Webb has already reached out to Floyd Webb (no relation), who programs the Black World Cinema series at Chatham 14. "Because of our proximity to Uptown, which has a large community of African immigrants, we're working with Floyd to develop a series that might appeal to that community. We want to see if that's a community looking for programming and, if so, how can we connect with them." To start the series off, Floyd Webb will host repeat screenings of the films he presents in Chatham, though Brenda Webb hopes his programming may become more specific to the local immigrant community.

Floyd Webb's involvement may reflect a new emphasis on engaging the Edgewater community, but it also marks a return to Filmmakers' early days: in the late 70s and early 80s, he organized the now-defunct BlackLight Film Festival, a showcase for African and African-American cinema, at Filmmakers' old space in River North. Brenda Webb also plans to bring other familiar faces to the firehouse: in November she'll host a screening of new work by Adele Friedman, a local artist who's been presenting films and videos at Filmmakers since the early 1980s. Webb is also negotiating with the venerable underground director Jon Jost, who has presented numerous works at Filmmakers over the years, to host a screening of his latest project in the near future.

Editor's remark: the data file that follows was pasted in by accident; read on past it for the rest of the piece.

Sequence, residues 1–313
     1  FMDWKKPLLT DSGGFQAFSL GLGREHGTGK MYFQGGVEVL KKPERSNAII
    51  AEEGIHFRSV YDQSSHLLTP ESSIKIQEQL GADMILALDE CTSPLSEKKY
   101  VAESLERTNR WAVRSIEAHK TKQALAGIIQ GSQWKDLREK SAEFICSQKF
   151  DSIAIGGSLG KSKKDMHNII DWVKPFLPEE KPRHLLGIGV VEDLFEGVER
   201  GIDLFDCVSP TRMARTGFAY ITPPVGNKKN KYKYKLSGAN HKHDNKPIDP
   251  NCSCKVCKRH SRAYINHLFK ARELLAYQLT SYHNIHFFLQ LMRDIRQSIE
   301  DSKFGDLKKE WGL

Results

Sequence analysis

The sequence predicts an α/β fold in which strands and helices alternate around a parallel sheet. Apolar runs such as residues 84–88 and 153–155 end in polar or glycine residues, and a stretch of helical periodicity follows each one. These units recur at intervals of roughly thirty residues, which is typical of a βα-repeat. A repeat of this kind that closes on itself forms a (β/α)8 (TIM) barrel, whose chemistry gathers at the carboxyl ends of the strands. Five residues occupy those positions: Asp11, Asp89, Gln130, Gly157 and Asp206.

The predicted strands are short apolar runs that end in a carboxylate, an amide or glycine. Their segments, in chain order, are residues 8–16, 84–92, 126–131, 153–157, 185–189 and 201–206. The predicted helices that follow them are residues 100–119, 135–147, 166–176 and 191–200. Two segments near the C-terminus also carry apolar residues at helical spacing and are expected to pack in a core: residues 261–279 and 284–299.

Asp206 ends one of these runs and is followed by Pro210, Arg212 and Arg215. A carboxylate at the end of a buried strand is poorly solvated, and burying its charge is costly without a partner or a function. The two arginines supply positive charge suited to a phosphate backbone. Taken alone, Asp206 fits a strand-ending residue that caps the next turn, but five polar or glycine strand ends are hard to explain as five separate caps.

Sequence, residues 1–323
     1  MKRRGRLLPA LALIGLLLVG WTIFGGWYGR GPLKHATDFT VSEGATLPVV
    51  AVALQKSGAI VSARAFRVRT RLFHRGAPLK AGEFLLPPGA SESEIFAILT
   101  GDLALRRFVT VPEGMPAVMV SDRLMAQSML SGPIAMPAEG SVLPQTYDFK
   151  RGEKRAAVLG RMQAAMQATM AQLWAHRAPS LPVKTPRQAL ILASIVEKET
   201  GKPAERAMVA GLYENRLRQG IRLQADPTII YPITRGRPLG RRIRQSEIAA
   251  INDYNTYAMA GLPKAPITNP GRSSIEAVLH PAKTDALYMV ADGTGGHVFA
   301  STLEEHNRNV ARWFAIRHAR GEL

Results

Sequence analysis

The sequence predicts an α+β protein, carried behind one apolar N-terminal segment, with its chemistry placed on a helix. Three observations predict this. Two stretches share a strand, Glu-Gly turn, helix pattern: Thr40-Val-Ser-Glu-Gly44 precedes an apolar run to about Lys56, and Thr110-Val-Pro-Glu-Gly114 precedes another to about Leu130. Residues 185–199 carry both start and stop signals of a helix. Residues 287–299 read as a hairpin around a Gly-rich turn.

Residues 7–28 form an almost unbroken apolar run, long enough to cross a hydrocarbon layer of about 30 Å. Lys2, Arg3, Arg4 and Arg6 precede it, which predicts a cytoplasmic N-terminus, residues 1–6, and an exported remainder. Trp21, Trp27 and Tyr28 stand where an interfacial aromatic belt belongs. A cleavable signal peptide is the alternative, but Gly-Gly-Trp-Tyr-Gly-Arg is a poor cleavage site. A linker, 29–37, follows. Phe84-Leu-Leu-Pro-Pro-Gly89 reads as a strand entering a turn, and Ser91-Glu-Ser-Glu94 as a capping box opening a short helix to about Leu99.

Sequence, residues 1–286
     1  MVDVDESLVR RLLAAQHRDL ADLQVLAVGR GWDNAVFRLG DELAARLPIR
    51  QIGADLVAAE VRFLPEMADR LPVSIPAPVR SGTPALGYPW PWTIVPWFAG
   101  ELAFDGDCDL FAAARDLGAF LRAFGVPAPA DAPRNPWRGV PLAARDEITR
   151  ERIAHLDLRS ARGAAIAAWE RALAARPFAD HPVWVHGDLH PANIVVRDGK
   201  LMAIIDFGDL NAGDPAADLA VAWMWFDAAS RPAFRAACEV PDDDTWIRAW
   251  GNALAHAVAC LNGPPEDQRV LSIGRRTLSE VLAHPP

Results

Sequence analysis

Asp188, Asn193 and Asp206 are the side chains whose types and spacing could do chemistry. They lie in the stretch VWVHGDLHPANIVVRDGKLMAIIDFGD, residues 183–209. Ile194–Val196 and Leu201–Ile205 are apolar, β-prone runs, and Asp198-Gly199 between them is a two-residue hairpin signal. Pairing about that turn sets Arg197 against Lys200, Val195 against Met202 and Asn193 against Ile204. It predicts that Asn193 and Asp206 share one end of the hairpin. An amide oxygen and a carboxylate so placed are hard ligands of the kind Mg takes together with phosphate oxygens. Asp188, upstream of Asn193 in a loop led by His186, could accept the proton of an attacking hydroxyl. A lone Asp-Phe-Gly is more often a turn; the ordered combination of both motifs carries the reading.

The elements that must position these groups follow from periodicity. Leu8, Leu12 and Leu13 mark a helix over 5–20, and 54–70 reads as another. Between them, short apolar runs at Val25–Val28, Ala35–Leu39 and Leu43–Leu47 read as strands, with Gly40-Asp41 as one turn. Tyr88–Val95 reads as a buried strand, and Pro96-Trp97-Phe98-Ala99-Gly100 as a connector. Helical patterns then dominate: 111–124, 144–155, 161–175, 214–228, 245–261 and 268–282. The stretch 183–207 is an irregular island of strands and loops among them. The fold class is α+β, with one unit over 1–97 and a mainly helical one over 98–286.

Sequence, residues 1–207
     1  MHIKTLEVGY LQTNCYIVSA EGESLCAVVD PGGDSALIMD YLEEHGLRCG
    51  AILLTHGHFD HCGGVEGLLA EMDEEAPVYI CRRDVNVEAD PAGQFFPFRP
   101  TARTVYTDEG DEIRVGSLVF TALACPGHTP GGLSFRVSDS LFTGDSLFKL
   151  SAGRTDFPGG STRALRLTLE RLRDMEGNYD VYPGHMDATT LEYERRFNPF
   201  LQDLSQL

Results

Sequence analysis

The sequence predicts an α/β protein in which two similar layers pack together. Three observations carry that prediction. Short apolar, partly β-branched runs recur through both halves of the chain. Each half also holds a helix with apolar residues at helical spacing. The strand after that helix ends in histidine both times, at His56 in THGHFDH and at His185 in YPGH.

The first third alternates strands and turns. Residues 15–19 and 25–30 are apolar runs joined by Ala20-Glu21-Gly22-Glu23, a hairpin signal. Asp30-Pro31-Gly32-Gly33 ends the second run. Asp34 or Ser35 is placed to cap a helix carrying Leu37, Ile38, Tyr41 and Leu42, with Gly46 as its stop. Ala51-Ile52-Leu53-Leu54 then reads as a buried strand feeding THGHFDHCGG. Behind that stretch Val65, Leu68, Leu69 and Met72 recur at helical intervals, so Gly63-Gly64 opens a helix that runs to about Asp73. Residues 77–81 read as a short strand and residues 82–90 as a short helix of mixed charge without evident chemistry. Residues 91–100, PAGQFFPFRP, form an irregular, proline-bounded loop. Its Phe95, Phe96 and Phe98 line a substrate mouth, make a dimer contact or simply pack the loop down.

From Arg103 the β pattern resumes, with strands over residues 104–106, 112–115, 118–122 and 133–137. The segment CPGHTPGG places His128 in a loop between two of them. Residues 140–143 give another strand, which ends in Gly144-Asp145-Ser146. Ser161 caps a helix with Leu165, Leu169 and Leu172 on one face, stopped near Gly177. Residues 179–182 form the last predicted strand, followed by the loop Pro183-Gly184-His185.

Webb is enthusiastic about the new programming arrangement and expects to receive valuable input from her yet-to-be-named programming committee. The move toward collective programming speaks to how Chicago Filmmakers will engage people who live near the new space. Webb hopes to involve students from nearby Senn High School in classes and programs. She feels this expanded mission will enhance the organization. "The most exciting aspect of having this building is playing more of a civic role," she says, adding that she wants the former firehouse to be open to all sorts of community organizations. "We see this as a place where block clubs can have meetings. We want it to be a center of activity." By engaging more people, Chicago Filmmakers hopes to create a larger community for filmmakers and film lovers than ever before.  v